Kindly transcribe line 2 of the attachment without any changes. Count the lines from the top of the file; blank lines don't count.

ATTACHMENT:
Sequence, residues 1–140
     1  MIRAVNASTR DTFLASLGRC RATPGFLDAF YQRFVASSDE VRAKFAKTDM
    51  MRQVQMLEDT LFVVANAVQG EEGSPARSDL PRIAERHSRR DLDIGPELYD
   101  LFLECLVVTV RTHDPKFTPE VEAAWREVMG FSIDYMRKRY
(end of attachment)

     1  MIRAVNASTR DTFLASLGRC RATPGFLDAF YQRFVASSDE VRAKFAKTDM